The government is challenged to receive legal advice on how a post-Brexit plan could work for the Northern Ireland border.
Environment Minister Michael Gove wants Cabinet ministers to see all the details of the so-called "backstop" that would prevent a hard line.
And Northern Ireland's DUP – which supports the government in important votes – wants it to be fully publicized.
The limit is the main sticking point in a Brexit deal.
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Both sides have agreed to set up a backstop, which will only be triggered if a future trade agreement is not concluded by the end of 2020 – or if the agreement does not guarantee a smooth border.
One option is for the entire UK to be temporarily aligned with the EU Customs Union so that customs checks at the border are not required.
BBC political correspondent Iain Watson said Mr Gove was worried that Northern Ireland might still have to follow EU rules under this agreement, while the rest of the UK would just mirror them.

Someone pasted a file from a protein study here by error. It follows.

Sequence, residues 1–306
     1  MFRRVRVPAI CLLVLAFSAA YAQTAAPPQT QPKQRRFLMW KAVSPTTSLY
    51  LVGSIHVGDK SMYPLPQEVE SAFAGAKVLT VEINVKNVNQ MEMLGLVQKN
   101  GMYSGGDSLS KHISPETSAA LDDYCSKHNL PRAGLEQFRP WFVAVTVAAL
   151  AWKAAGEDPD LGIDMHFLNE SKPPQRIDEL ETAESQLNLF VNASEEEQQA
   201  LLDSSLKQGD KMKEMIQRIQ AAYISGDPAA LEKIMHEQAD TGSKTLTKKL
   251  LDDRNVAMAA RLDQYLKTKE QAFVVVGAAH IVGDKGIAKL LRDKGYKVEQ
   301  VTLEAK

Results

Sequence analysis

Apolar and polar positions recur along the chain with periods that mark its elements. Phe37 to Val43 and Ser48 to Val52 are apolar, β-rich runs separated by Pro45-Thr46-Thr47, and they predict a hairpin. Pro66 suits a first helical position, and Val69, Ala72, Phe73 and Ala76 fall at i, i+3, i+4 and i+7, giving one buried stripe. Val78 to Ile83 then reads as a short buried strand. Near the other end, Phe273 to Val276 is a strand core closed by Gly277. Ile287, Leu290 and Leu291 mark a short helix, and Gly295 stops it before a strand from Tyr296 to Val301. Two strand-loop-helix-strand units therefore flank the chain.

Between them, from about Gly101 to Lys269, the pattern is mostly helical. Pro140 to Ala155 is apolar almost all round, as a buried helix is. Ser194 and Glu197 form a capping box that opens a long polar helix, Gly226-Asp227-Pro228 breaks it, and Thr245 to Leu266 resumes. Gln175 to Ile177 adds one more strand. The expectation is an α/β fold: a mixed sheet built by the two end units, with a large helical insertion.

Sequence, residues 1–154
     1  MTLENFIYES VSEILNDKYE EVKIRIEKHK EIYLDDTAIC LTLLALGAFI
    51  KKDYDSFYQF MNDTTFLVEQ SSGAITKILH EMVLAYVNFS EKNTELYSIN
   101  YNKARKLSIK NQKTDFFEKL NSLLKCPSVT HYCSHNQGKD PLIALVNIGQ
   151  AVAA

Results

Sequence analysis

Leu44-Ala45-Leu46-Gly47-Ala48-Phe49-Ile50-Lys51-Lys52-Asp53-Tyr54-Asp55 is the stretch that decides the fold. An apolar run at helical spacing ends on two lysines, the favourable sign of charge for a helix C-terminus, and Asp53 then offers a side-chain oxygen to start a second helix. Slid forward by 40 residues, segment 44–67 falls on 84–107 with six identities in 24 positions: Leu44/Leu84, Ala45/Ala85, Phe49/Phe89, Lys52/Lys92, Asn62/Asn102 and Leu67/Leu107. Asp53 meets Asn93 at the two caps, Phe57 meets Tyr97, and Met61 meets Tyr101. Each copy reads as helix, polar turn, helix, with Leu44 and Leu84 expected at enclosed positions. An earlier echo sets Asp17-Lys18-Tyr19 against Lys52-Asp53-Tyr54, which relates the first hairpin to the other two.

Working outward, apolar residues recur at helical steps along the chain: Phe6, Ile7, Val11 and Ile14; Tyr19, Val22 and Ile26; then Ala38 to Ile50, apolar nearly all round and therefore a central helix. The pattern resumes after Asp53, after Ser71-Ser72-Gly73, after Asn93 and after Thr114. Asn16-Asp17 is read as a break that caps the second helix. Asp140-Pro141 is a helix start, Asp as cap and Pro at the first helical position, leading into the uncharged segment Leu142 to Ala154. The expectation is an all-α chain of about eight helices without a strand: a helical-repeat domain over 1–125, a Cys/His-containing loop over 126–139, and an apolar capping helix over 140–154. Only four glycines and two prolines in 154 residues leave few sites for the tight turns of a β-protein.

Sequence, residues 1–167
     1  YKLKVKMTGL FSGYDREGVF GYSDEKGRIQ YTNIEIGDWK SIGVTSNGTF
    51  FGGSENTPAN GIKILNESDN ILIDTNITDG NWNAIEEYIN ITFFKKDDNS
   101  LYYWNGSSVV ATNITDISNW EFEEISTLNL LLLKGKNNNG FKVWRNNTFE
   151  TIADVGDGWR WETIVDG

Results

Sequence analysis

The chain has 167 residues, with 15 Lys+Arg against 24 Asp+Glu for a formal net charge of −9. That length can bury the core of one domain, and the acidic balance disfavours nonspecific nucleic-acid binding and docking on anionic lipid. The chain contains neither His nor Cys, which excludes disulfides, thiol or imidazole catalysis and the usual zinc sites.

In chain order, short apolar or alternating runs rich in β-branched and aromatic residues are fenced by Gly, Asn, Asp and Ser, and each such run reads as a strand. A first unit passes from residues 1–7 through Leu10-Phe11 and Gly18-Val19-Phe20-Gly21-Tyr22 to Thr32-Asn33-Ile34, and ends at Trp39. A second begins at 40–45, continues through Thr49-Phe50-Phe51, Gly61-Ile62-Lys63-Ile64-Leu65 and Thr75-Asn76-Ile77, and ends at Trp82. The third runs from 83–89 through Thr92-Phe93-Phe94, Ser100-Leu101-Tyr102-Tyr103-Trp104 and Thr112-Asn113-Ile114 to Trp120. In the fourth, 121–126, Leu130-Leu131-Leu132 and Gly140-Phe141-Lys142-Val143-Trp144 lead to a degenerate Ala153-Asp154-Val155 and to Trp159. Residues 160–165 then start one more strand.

He wants to see the full legal advice, fearing that cabinet members will only see a summary before deciding whether they want to support a deal with Brussels.
The DUP – whose votes Theresa May uses to win key votes in the House of Commons – has gone further and said the legal council should be made public.
DUP chief whip Sir Jeffrey Donaldson told BBC Radio 4's Today that it was "in the public's interest that we fully understand what's happening".
"It affects the entire UK and should not be just the DUP that sees the Council or the government," he said.
"If the House of Commons is going to have a meaningful vote on a deal where this council is very, very important, I think people are entitled to know what that council is."
Downing Street said he does not comment on legal advice.